Busted nut

Discussion in 'Hardware, Setup & Repair [BG]' started by madjazzbass, Aug 7, 2017.


  1. madjazzbass

    madjazzbass Supporting Member

    Jan 5, 2014
    Earth
    Damn!! I've somehow managed to bust/crack the nut ... on my Fender 70s Jazz Bass; Are nuts hard to repair/replace 20170808_002431.jpg 20170808_001819.jpg ? Can I handle replacing it on my own? or Do I have to take it to a luthier/repair shop? Has anyone repaired/ replaced the nut on their Bass? Is it easy or difficult? I'm not sure what this one is made of, but I'd like to replace it with a stronger one.
     
  2. One can buy a nearly-formed nut from most any guitar parts forum or seller's site.

    You only need do some minor adjusting to make it right.... so I say go for it. The old nut pops off easily with the right technique and gluing the new one on is simple enuff.

    I personally go out cutting firewood pretty soon now..... and I've been fortunate enough to find bones from bear, elk, etc and cut and form all my own bone parts. I don't like to bleach the bone as I think natural bone is prettier than pure white.

    In your situation... and if i was in a playful mood, I'd "zero-fret" that bass at this time.... but that's just me.

    Being a bass player should mean being a pretty good bass mechanic too. Intonation, wiring, truss rod adjustments, fret sprout trimming, neck shimming.... and more..... should be in your accomplishments dossier.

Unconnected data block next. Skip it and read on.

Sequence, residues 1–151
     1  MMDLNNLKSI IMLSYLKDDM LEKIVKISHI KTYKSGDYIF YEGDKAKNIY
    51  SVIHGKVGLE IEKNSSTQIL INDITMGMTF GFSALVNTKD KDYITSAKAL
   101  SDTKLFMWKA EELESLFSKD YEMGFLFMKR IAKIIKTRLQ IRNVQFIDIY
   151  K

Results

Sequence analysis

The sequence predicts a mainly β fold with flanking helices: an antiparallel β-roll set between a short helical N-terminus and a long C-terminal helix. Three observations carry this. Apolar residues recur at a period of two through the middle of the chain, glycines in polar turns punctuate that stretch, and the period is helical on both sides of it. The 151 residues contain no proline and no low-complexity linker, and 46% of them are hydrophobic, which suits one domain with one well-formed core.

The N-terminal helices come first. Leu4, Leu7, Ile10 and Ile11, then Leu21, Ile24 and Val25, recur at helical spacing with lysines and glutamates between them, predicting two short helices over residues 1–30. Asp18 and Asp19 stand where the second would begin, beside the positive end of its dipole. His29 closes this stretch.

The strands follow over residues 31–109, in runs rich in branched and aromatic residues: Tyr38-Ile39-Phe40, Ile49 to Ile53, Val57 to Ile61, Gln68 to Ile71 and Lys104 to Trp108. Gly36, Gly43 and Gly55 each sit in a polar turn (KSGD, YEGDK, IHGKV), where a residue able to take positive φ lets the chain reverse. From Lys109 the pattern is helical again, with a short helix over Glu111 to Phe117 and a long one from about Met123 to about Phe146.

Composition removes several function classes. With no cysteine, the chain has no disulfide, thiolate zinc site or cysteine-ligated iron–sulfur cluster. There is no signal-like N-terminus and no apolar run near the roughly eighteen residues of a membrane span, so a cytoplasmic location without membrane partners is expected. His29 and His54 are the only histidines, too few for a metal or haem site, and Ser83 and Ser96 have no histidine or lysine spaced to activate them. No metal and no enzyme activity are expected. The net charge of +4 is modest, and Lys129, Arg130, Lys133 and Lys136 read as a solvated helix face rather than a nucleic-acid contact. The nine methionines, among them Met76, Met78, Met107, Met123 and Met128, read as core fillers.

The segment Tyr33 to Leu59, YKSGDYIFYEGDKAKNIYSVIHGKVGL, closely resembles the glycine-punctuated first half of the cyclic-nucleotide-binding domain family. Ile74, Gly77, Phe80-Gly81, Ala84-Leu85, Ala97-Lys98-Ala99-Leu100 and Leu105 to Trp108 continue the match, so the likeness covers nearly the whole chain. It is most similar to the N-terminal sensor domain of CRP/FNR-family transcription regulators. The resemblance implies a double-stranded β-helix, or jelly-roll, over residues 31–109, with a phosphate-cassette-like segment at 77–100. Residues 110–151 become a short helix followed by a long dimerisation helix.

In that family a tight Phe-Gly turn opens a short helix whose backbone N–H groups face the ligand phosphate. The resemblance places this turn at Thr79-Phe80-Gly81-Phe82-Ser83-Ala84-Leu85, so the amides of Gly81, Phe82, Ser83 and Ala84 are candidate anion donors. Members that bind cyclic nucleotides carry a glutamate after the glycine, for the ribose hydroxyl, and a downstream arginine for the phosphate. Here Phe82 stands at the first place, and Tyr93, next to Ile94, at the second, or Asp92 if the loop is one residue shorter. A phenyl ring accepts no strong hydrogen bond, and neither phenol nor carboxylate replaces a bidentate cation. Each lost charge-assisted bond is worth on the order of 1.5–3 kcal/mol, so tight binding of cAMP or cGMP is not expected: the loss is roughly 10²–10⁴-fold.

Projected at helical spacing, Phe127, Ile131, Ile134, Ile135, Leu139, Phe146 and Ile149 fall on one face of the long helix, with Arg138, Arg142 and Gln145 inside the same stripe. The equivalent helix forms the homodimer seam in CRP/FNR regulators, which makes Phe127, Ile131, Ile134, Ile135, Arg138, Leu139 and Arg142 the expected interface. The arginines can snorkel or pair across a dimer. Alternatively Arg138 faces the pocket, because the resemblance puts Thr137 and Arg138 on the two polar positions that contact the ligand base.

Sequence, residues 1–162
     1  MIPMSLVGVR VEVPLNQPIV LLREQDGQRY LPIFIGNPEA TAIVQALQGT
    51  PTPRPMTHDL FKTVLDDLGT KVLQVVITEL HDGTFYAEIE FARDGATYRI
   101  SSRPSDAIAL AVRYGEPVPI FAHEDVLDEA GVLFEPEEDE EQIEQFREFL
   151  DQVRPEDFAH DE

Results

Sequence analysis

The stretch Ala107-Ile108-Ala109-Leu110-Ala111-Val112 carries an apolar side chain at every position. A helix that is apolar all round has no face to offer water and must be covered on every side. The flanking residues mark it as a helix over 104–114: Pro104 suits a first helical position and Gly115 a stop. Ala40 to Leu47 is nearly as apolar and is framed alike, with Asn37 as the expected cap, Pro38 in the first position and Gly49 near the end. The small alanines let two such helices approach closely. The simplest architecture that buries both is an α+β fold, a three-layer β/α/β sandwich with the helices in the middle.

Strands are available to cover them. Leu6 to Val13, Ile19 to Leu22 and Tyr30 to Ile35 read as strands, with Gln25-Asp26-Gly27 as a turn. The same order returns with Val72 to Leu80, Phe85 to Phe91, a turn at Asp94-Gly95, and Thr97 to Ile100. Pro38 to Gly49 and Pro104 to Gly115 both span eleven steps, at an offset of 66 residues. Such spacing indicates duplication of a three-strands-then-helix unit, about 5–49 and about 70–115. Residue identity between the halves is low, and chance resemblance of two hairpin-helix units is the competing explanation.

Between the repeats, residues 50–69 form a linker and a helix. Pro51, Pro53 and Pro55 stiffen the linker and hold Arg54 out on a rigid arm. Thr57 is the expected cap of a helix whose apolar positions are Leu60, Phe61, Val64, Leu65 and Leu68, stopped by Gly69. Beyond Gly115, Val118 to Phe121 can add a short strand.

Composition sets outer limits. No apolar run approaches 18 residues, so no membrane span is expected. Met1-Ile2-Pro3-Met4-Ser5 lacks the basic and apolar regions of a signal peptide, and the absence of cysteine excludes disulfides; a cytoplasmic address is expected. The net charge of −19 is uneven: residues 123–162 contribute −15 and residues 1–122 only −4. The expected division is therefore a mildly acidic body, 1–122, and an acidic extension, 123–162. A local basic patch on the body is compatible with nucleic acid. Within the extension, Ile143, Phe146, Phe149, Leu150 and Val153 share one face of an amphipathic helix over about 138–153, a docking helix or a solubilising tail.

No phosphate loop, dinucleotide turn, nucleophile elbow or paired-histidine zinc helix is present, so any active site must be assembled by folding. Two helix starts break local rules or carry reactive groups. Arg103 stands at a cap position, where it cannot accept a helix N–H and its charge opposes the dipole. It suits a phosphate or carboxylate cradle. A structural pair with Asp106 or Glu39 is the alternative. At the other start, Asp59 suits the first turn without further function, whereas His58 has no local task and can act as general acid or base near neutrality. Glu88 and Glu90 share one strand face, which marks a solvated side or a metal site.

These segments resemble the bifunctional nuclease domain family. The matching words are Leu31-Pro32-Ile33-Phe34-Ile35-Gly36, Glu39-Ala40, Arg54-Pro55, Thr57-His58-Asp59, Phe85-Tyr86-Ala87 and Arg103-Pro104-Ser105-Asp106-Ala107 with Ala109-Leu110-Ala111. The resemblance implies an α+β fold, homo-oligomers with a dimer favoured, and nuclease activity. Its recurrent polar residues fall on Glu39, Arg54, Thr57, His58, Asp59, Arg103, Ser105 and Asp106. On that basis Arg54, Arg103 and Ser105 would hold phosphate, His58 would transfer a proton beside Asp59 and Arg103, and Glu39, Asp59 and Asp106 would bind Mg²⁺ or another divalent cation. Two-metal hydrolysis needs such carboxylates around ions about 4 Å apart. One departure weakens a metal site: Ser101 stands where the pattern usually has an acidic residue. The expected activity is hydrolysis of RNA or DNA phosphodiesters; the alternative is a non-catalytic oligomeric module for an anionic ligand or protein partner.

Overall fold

3. Flippy

    Flippy

    Jun 9, 2017
    Europe
    Personally, I'd just take it to a luthier. Partly because I don't have any tools needed to replace and file the nut, partly because I have a good and cheap luthier nearby :)

    While you're at it, you might want to try getting a fancy nut like GraphTech
     
    madjazzbass likes this.
  4. bholder

    bholder Affable Sociopath Supporting Member

    Sep 2, 2001
    Vestal, NY
    Received a gift from Sire* (see sig)
    If you're going to try to remove it yourself, check if the finish runs right up onto the nut on the headstock side - if so, run a razor knife along that line to separate the nut from the finish, or when you pop the nut out, you may take a big chunk of the finish with it. Been there done that. :(